Tensor Fields

Most tensor fields encountered in physics are smoothly varying and differentiable. Consider the first-order tensor field . The various partial derivatives of the components of this field with respect to the Cartesian coordinates are written

(B.50) |

Moreover, this set of derivatives transform as the components of a second-order tensor. In order to demonstrate this, we need the transformation rule for the , which is the same as that for a first-order tensor: that is,

(B.51) |

Thus,

(B.52) |

It is also easily shown that

Now,

(B.54) |

which is the correct transformation rule for a second-order tensor. Here, use has been made of the chain rule, as well as Equation (B.53). [Note, from Equation (B.26), that the are not functions of position.] It follows, from the previous argument, that differentiating a tensor field increases its order by one: for instance, is a third-order tensor. The only exception to this rule occurs when differentiation and contraction are combined. Thus, is a first-order tensor, because it only contains a single free index.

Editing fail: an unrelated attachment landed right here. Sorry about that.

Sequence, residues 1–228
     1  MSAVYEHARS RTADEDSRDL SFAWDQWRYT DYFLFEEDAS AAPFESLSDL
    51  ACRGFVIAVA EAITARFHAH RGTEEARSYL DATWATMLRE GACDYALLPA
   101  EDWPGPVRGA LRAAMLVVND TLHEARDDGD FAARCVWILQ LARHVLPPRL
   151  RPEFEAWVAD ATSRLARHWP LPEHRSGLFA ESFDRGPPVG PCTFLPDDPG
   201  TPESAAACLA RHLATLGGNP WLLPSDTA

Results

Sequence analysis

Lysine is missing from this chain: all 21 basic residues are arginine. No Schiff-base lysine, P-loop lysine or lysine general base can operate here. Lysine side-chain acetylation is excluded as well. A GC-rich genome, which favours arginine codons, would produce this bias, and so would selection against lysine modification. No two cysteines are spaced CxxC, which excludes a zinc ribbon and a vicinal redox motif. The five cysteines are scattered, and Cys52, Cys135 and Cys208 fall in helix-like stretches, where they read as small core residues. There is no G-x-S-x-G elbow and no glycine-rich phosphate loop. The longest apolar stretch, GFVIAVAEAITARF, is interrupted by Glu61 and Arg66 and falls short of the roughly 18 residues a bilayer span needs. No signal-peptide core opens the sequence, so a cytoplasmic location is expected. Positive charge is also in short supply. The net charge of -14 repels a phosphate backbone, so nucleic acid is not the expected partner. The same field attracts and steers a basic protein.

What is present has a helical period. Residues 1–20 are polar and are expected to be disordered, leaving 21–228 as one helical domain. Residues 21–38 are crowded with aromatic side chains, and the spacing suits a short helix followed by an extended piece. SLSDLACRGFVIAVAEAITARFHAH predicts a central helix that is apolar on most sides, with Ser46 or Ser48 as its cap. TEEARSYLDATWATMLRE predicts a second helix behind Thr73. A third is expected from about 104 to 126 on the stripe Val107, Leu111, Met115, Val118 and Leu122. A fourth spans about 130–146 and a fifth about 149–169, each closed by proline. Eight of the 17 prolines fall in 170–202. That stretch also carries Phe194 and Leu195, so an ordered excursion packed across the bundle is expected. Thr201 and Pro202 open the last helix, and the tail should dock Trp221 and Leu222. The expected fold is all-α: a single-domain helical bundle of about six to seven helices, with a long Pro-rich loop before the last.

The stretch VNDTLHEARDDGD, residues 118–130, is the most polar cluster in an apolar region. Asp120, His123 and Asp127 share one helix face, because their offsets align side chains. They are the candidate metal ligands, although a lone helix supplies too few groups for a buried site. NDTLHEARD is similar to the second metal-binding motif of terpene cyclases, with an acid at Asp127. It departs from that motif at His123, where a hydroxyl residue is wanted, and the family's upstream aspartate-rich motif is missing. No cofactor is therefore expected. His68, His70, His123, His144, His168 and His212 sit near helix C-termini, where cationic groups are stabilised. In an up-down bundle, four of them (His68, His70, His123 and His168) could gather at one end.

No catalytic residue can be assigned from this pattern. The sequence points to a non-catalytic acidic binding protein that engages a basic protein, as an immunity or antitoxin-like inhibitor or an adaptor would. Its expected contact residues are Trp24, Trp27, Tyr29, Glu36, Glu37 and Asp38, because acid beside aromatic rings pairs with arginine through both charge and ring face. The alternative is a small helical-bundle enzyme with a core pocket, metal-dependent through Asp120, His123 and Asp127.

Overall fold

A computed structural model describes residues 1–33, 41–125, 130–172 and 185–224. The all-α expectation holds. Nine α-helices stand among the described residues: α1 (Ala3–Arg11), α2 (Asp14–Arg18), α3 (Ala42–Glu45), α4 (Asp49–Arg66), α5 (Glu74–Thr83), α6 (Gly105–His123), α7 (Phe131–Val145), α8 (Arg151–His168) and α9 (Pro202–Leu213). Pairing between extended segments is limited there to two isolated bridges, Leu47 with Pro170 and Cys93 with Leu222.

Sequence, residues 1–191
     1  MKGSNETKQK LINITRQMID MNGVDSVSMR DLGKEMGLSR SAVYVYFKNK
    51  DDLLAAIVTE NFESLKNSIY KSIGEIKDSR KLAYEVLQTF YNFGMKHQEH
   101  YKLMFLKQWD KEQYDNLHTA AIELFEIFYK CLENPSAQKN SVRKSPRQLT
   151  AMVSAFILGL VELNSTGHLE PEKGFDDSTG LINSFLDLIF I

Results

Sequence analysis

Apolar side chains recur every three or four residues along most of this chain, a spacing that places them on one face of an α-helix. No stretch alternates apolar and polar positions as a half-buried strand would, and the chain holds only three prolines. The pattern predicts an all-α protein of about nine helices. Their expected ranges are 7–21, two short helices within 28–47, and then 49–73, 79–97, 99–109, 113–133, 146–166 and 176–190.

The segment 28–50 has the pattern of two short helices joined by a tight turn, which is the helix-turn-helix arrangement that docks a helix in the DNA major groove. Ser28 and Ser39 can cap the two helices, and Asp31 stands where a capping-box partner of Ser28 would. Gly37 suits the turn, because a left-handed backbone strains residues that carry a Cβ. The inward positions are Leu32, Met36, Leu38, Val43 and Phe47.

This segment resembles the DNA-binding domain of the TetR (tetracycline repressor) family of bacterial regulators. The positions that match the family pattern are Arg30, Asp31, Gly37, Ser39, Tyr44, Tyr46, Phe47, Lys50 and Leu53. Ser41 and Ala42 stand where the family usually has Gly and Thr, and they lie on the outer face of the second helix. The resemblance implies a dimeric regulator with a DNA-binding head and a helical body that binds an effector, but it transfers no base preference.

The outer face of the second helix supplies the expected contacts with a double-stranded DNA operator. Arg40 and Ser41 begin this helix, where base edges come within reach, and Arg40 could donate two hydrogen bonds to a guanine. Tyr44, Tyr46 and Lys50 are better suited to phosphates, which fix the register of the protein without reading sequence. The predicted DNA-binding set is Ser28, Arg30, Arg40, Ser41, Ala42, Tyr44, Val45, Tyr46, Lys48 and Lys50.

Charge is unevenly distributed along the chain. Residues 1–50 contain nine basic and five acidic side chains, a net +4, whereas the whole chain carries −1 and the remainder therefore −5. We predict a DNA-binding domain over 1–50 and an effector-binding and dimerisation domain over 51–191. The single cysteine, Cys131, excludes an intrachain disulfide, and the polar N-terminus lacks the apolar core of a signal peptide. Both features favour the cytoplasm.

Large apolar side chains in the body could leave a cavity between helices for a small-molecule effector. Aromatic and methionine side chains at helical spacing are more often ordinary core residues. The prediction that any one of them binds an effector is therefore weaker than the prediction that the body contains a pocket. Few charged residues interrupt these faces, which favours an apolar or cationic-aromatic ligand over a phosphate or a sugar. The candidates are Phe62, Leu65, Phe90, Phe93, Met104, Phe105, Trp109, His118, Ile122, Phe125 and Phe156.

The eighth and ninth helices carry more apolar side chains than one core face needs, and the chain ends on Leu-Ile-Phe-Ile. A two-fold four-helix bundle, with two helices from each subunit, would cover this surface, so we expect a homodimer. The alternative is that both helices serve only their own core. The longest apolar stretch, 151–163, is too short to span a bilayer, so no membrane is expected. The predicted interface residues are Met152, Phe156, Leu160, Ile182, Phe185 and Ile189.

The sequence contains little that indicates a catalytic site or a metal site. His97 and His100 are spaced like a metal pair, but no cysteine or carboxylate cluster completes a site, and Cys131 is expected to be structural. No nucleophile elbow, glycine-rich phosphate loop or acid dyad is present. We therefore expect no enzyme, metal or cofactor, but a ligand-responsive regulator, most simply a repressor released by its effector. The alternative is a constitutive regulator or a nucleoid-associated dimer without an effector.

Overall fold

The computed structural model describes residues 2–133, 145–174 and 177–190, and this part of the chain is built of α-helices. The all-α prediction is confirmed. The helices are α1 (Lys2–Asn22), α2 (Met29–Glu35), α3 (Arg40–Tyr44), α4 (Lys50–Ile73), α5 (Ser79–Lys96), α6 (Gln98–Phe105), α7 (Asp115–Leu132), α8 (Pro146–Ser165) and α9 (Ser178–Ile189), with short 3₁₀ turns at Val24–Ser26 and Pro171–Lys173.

The gradient (see Section A.18) of a scalar field is an example of a first-order tensor field (i.e., a vector field):

(B.55) |

The divergence (see Section A.20) of a vector field is a contracted second-order tensor field that transforms as a scalar:

(B.56) |

Finally, the curl (see Section A.22) of a vector field is a contracted fifth-order tensor that transforms as a vector

(B.57) |

The previous definitions can be used to prove a number of useful results. For instance,

(B.58) |

which follows from symmetry because whereas . Likewise,

(B.59) |

which again follows from symmetry. As a final example,

(B.60) |

According to the divergence theorem (see Section A.20),

(B.61) |

where is a closed surface surrounding the volume . The previous theorem is easily generalized to give, for example,

(B.62) |

or

(B.63) |

or even

(B.64) |